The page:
“There are many Hong Kongers and other smart people writing online who can explain the political context of the protests, the likelihood of intervention, and what this means in a deeper way. I am just a visitor who perhaps thinks too much about fish cakes when being tear gassed.”
Of course Maciej Cegłowski went to #HongKong protests and wrote a brilliant piece, with references to how the ’80s Soviet–American culture shock is as great as the 2010s America–HK one.
You know when you read about momentous events in history. D-Day—but also the Warsaw Uprising: events that the history books ex-post frame as “obviously” earth shattering, but also the ones books only casually mention because nothing really major resulted.
Watching the #HongKong situation these weeks has been a smorgasbord of nerve-racking breath-holding waiting to see whether this goes down as 1991-grade Soviet collapse event, or another of the many non-cigar close calls.
That precipice. 🤤!
Yes: since I learned the dynasty song in the HarvardX #China history course,
Shang Zhou Qin Han…
and studied the longevity and fall of other single-party states (Nazi, Soviet, Cambodia, Vietnam, Yugoslavia, etc.), my secret delight has been wondering what comes after the last verse of the song,
Yuan Ming Qing Republic,
When will Mao’s CCP go the way of the Shang and the Soviets, and what will come after? I’m sure it’ll be just as monumental a black swan 🦢!
"#China wants to eat Hong Kong. That is what these protests are about."
"The [protest] groups disagree on tactics, but are each committed to the principle that they will not allow themselves to be divided. There is immense tolerance of tactical differences that would fracture other movements." 😮
When this son of Soviet Poland says "that's when I understood the Hong Kongers may actually win", I'm like 😮😮😮?!!?
‘“The raptors followed us onto the other train. People were terrified. I saw a mother holding her two little daughters. They were all crying. I saw two young women who probably just came back from shopping or a night out because both were dressed in nice clothes. They were clinging to each other, huddled in a corner, crying. There were old people holding onto their shopping bags, shaking with fear.”’
#HongKong police brutality via Pinboard aka Maciej Cegłowski’s Twitter.
‘Ng saw police hit another young man in a white shirt on the head. Blood was pouring down his neck. “He just fell, and I didn’t see him move again.” They toppled another young man wearing black, beating him with batons and kicking him where he lay.’
@22 sadly, I have practically no hope – my brain is full of Tiananmen imagery and stories of the cultural “revolution” and many other sad aspects of Chinese history. Where do you get your hopes from? Simply the idea that a black swan event is eventually going to happen so every uprising is a possibility?
@kensanata yes, that :) but also how sudden and mostly unforeseen the Soviet collapse was. Classic black swan.
@kensanata recall also the important meta-historical awareness the Chinese themselves have, that every past dynasty is said to have lost the Mandate of Heaven (auto-capitalized on iOS!) through avarice and oppression at the top of the nation’s leadership, so all Chinese historically knew to ask themselves where they were in that cycle. Today, I’m not sure how common it is, but certainly all the courses I’ve taken on Chinese history stress the Mandate of Heaven concept.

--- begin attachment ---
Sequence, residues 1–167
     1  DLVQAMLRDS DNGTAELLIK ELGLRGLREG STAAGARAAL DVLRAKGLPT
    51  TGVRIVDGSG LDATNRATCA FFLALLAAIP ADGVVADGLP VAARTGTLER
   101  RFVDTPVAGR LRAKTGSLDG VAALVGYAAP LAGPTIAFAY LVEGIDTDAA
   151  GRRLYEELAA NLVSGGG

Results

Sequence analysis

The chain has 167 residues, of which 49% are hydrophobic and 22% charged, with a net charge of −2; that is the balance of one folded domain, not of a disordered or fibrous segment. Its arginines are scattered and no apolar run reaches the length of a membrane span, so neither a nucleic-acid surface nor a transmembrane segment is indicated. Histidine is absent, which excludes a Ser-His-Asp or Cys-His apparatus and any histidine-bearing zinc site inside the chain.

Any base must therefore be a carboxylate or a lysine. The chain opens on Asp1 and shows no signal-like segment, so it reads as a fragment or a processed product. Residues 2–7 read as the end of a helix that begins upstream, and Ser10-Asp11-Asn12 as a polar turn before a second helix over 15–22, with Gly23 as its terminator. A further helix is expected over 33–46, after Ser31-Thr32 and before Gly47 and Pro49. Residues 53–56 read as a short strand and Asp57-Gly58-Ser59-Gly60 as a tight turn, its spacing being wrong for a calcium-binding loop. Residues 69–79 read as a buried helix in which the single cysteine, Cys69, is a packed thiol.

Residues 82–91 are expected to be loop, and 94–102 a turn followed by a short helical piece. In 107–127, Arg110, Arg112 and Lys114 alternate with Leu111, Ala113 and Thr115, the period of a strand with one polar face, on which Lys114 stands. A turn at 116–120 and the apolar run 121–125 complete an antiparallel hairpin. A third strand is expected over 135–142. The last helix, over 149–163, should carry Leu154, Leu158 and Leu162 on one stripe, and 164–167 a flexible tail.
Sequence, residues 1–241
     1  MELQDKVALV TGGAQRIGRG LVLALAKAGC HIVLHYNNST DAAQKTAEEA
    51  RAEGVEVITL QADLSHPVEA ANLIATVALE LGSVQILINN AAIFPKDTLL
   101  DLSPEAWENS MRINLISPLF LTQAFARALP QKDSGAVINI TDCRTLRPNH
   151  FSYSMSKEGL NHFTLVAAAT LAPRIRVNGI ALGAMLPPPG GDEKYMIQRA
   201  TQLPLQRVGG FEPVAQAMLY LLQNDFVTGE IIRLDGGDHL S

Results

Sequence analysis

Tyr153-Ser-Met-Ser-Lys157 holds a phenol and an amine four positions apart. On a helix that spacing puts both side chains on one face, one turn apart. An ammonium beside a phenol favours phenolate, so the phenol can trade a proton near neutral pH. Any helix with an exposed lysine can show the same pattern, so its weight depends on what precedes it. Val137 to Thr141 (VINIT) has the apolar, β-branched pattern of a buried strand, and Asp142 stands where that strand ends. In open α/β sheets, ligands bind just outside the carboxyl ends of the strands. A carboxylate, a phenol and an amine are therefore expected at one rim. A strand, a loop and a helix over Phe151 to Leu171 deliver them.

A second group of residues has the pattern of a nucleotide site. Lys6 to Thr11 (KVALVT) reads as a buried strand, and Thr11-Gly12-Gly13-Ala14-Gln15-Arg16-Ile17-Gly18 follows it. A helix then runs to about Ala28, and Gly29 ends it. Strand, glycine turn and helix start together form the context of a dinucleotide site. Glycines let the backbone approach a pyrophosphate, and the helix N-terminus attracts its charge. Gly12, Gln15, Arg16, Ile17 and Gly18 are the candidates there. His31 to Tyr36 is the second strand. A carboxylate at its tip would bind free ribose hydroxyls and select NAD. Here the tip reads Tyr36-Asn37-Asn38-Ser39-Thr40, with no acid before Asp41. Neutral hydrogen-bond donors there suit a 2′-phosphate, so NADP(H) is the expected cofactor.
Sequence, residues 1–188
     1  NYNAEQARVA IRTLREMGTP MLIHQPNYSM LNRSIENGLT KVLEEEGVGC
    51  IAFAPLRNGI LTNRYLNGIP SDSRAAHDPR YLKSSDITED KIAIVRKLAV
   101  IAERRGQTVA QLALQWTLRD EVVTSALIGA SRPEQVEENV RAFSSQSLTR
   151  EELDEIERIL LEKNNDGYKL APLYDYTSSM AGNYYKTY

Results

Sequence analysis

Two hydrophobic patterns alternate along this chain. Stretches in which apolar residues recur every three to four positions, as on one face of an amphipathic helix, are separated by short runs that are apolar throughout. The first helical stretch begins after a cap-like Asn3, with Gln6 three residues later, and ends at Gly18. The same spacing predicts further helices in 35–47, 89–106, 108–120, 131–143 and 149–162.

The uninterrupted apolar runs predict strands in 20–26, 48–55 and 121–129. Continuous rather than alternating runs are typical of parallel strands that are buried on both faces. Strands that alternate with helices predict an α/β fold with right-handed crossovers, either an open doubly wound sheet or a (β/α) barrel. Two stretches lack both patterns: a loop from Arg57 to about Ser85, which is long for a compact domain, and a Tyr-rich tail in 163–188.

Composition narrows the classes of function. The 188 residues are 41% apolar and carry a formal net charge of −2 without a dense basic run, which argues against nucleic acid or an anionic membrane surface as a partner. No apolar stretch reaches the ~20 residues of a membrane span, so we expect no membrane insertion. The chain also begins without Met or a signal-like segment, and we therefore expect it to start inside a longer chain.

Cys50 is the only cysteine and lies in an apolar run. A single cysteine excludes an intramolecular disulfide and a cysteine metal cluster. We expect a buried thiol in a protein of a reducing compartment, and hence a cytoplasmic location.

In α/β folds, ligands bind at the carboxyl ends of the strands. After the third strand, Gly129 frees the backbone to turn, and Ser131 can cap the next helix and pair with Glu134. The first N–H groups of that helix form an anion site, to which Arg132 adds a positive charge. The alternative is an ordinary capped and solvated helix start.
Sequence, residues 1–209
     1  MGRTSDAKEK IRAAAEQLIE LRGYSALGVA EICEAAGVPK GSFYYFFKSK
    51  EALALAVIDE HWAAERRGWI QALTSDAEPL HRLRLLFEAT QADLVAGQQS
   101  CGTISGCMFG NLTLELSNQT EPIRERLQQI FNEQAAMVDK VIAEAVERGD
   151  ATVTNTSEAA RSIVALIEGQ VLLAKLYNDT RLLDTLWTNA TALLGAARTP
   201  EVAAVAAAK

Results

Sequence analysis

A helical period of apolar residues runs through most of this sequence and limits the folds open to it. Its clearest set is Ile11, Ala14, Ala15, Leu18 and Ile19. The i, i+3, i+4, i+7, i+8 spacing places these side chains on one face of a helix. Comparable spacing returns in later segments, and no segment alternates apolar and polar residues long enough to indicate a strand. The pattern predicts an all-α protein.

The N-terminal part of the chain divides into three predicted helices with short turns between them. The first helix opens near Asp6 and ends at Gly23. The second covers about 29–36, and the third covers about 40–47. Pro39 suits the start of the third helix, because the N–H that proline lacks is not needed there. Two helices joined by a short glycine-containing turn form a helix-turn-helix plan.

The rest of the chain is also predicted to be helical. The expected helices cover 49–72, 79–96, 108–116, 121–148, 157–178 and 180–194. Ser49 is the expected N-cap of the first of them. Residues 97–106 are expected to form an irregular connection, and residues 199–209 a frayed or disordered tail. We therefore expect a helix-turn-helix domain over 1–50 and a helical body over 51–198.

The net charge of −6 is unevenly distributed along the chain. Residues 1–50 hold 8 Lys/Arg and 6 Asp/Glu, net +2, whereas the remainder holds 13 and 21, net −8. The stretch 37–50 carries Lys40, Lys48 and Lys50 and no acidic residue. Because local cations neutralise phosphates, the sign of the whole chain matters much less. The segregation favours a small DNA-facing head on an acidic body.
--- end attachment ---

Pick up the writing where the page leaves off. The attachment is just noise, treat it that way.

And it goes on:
@kensanata I have often seen pro-Chinese rhetoric citing how much time and effort the CCP takes in finding and addressing sources of public dissatisfaction (“down to the trash collection schedule!”) in an effort to help the people, and to avoid the appearance of indifference. I’d always parsed that rhetoric as trying to affirm that the party does still deserve the Mandate of Heaven.
If history repeated we could see Xinjiang, Tibet, & Hong Kong becoming their own countries independent of China…
@kensanata of course China is in a very different position today than the Soviet Union was. But!, the Soviet Union appeared extremely powerful right up to when it collapsed, and before the narrative effortlessly switched to how weak and crumbling the Soviet system was after all.
The deliciousness of watching the Hong Kong story unfold comes from wondering how what is totally obvious now will transform into what’s totally obvious (and totally different!) afterwards.
@22 @kensanata That might suggest what's needed. Ireland won independence from Britain not because the British *couldn't* crush another Irish insurrection, but because they had bigger problems elsewhere.
China is facing a trade war, attempting a major economic shift to slower growth, and has an insurrection in Hong Kong. But in terms of resource allocation the insurrection only calls for military suppression. Where's the dilution of military attention? Maybe Tibet and others could join in?
@kensanata see https://www.ted.com/talks/eric_x_li_a_tale_of_two_political_systems/transcript for example (this isn’t the one I remember taking about trash collection—which incidentally ISIS was also praised for in some of the territories it conquered, cf., Caliphate podcast by Rukmini Callimachi/NYT—but in the same vein)
@22 Yeah, the Mandate of Heaven featured a lot in the things I heard. I took it as a shorthand for people believing that a new world order is possible. As soon as they understand the possibility, everything changes. Then they’re just waiting for the revolution. As long as everything seems without alternative, nobody budges.
@22 Yugoslavia....what a great comparison
@a_breakin_glass want to emphasize I’m not comparing anything to anything here!, just giving examples of diverse single-party states I’ve studied in school and on my own, and that inform me of some aspects of their collapse. Few parallels can be drawn! History is a good teacher—but it can only tell you what won’t happen, not what will.
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